How does Mazda do it?
Once more, the little car company that can from Hiroshima, Japan has delivered a svelte little automotive bon-bon sure to win the hearts of automotive enthusiasts and design junkies. Dubbed the CX-30, it's larger and rides higher than the CX-3, but is smaller than the CX-5. You'd think they'd call it the CX-4, but another Mazda with that name already exists, albeit overseas.
Of course, they could have called it Goldilocks, for this compact crossover is the perfect size for city/suburban commuting warfare, with a starting price of just $21,900 for the base front-wheel-drive model. But wait, it gets better. There's plenty of goodness for that low, low price, including automatic headlights, rain-sensing windshield wipers, remote keyless entry with push-button start, power windows and door locks, eight-speaker sound system with Bluetooth hands-free phone and audio, HD Radio, Pandora integration, and two USB ports. There are also the sort of standard driver-assistance features you'd be surprised to find at this price, such as electronic brakeforce distribution with brake-assist, driver attention alert, stability control, traction control, lane departure warning system with lane-keep assist, and radar cruise control. Yes, it has a rear-view camera, but that's now a federal requirement, as is the tire-monitoring system.
If your new CX-30 just has to have Apple CarPlay, Android Auto, blind spot monitoring. rear cross-traffic alert, dual-zone automatic climate control, a leather-wrapped steering wheel and shift knob, or leatherette seats, or rear air-conditioning vents, you'll have to add the Select Package. And it gets nicer from there thanks to the Preferred Package (eight-way driver power seat with power lumber support and driver seat memory, heated front seats, overhead console w/ sunglass holder, Bose premium audio with 12 speakers and SiriusXM satellite radio and vanity mirror illumination among other features) or the Premium Package (head-up display, adaptive front lighting, cylinder deactivation, led lights, leather seats, paddle shifters, power liftgate, radar cruise control, power sliding-glass moonroof and roof rails).
Mazda has mastered the art of sublime understatement, strikingly elegant, and looking far more expensive than it is. It's not just the generous sue of French seams; it's small touches, such as the padding on the side of the center console where your knee rests, or the spear of chrome that runs across the instrument panel, much like a 1960s American sedan. There are also some modern interpretations of classic forms such as the climate control, which looks like an old school radio with two knobs flanking the horizontal readout and a row of five small buttons underneath. It's very clever. And the use of four colors on our Premium model test vehicle was a welcome change from the ubiquitous black, gray or beige interiors that infect too many car interiors.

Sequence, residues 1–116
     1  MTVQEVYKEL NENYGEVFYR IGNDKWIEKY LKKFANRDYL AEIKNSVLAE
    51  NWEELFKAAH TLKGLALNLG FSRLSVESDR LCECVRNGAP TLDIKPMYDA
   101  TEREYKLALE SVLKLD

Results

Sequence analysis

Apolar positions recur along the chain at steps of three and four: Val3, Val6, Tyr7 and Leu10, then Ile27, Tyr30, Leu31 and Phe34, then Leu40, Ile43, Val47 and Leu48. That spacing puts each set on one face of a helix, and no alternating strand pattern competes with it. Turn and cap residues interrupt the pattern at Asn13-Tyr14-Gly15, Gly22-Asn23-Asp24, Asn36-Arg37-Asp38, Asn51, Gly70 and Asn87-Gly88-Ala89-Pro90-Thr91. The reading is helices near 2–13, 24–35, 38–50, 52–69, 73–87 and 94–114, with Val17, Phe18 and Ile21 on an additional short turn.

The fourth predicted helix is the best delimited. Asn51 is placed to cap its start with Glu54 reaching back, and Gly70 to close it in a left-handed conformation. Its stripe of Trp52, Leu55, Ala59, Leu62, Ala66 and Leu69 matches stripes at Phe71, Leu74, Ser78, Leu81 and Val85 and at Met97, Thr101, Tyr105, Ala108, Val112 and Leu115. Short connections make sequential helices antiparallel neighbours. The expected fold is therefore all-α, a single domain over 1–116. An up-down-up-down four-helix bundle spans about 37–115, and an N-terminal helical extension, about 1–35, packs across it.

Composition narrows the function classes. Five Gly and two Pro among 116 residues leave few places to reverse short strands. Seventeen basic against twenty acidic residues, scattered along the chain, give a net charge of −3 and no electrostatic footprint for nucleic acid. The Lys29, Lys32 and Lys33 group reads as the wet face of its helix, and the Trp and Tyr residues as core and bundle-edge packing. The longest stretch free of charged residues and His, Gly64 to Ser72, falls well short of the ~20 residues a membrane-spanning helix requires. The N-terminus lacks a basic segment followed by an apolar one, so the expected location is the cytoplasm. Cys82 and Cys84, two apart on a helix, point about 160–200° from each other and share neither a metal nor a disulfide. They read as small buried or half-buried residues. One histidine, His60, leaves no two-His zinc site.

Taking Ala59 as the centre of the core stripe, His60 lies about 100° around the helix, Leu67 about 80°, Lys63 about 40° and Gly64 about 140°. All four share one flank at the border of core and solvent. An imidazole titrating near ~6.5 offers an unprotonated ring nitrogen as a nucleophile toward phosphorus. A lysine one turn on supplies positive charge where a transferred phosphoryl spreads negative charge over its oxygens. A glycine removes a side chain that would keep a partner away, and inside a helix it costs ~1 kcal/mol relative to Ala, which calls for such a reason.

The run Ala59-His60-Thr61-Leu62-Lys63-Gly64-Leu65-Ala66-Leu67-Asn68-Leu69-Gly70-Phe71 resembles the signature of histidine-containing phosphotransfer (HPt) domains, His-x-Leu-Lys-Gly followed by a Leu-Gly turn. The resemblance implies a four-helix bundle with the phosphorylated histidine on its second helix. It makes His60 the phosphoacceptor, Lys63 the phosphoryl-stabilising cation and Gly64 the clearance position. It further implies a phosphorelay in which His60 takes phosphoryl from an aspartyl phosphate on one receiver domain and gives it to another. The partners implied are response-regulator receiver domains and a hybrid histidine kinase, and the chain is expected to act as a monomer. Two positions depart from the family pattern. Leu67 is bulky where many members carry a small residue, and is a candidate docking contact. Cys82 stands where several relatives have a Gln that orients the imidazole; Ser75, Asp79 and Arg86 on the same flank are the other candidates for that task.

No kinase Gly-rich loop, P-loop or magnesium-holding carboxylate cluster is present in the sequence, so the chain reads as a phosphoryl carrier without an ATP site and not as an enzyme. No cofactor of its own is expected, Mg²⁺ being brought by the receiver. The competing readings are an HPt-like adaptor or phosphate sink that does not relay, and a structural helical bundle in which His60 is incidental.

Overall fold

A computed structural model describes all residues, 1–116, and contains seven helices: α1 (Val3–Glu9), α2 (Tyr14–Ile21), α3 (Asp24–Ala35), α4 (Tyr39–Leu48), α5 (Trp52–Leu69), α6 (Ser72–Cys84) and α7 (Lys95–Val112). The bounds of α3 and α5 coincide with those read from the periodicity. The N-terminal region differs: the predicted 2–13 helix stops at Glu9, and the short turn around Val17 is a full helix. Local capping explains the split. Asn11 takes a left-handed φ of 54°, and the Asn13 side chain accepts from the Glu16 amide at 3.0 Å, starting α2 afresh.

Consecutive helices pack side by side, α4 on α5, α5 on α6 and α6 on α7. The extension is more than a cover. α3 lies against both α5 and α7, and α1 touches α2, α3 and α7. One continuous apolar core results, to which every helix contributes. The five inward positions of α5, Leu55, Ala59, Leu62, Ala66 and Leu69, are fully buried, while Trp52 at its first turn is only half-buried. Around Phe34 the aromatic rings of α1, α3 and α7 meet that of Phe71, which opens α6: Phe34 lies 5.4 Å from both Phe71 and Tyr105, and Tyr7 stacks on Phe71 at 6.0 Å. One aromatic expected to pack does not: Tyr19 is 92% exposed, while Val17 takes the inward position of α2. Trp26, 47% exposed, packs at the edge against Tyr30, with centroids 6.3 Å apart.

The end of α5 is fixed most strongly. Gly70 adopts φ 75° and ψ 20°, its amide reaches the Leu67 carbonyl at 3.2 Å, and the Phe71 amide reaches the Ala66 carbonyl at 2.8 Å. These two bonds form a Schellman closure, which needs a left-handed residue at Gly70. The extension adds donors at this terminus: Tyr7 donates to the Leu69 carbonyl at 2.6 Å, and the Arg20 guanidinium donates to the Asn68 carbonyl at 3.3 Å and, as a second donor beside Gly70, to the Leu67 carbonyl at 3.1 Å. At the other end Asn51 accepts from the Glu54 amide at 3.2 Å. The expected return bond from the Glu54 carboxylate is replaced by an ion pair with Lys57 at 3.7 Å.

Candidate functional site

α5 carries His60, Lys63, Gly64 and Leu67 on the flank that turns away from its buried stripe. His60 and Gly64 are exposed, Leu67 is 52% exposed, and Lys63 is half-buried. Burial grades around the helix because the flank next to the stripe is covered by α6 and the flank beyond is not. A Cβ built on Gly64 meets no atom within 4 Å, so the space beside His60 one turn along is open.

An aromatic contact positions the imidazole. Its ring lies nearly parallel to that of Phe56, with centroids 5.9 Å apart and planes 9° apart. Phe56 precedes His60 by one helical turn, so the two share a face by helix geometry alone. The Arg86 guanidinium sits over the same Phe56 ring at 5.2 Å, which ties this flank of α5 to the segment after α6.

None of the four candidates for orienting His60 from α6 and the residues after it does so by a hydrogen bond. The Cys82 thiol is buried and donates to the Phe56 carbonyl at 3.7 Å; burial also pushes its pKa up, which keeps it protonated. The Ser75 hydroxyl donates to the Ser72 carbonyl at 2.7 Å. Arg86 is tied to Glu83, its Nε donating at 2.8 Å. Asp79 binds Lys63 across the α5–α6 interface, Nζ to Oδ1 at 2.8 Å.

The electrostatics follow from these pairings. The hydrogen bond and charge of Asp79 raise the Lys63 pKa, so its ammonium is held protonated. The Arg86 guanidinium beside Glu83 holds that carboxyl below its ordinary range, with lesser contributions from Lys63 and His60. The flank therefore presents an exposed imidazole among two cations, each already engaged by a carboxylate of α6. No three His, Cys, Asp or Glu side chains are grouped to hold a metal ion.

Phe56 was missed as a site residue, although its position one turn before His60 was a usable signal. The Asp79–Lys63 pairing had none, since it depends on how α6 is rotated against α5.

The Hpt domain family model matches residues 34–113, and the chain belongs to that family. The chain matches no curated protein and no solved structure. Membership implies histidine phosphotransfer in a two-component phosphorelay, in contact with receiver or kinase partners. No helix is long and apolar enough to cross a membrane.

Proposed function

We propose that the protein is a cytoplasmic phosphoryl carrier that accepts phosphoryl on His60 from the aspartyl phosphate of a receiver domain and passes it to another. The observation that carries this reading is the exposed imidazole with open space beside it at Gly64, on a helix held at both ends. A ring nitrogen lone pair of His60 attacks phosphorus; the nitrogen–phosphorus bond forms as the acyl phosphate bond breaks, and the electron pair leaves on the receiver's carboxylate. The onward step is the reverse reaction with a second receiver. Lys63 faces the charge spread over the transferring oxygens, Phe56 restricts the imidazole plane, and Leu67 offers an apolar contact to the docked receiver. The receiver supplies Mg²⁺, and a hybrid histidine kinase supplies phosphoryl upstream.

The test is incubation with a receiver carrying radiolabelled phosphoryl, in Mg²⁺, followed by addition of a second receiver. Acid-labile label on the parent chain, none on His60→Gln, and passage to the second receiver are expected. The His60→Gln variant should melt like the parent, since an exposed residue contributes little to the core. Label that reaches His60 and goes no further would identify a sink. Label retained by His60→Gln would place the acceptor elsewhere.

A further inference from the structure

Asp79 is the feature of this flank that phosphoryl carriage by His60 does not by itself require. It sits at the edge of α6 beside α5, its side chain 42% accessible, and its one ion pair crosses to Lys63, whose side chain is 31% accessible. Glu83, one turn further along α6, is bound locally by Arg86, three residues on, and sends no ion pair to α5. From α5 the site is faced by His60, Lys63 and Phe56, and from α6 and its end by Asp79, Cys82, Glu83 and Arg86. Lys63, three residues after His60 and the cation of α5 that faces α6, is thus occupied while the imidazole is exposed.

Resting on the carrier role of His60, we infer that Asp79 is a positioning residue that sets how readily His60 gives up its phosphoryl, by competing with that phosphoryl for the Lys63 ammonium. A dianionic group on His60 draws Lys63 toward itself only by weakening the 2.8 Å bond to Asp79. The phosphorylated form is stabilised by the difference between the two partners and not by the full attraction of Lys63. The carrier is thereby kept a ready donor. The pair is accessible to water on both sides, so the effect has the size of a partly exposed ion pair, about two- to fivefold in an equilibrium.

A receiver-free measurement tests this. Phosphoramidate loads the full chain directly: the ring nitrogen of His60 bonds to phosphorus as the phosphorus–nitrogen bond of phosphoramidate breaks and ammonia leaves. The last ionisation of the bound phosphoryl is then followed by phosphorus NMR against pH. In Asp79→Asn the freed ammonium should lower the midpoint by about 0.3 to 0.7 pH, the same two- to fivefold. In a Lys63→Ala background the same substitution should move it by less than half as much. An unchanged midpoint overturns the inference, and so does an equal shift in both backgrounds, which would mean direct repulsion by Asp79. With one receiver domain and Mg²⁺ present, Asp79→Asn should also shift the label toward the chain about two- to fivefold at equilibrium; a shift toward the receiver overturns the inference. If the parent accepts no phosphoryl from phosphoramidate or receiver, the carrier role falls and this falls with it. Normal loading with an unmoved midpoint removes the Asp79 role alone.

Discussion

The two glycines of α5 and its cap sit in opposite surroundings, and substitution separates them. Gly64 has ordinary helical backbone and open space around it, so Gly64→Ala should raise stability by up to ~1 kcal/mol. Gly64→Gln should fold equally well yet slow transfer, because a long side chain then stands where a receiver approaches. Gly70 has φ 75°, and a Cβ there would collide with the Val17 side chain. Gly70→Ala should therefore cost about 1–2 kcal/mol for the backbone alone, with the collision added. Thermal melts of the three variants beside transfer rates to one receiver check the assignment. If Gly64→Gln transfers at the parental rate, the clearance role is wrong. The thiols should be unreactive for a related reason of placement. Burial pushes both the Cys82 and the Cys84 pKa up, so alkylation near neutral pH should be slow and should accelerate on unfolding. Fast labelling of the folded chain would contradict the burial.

Controls are easy to understand and operate, with the exception of Mazda's infotainment system. The sleek graphics and crisp display are easy to see, and operate using a knob mounted on the center console. But it takes far too many hits and scrolls to do something simple, like change a radio station, especially while driving. It's not a deal breaker; it's more of an annoyance than anything else.
Nevertheless, all in you'll come in around $30,000 – not bad for so much premium content. But this isn't some basic bargain; it's a Mazda. So there are certain things that you can expect: namely good performance and respectable fuel economy.
Unlike its competition, Mazda engineers wisely bypassed using a turbocharged engine. Instead they endow the CX-30 with a normally-aspirated 2.5-liter four rated 186 horsepower and 186 pound-feet of torque through a six-speed automatic transmission. Front-wheel drive is standard; all-wheel drive is optional. There's good power once at speed; it feels punchy enough to deal with the cut and thrust of daily commuting, particularly in Sport mode, although you have to mash the throttle for strong sprints off the line. But that's easily overlooked thanks to the CX-30's agility. Grip is impressive, and body lean very well controlled. Steering is nicely weighted without feeling heavy or artificial. Ride is firm and jiggly over bumps, but impressively quiet and subdued otherwise. It makes for an engagingly fun drive, much like an MX-5 Miata with lots of passenger and cargo space.
The only real hiccup occurred during an intense thunderstorm, when two messages flashed on the instrument cluster: "safety and driver support systems temporarily disabled" and "front radar obscured. Drive safely." Given the weather was exactly when you'd want these systems to be active, it was a bit disconcerting. That said, having driven safely for five decades without them, I wasn't worried.
It's easy to find a comfortable driving position, and front seat occupants will have no problem getting comfortable. The same can't be said of the second row, where legroom is in short supply, but if the second row is only an occasional use item, or you have small children, this is not an issue. The view out is fairly good in all directions with the exception of rear-quarter visibility.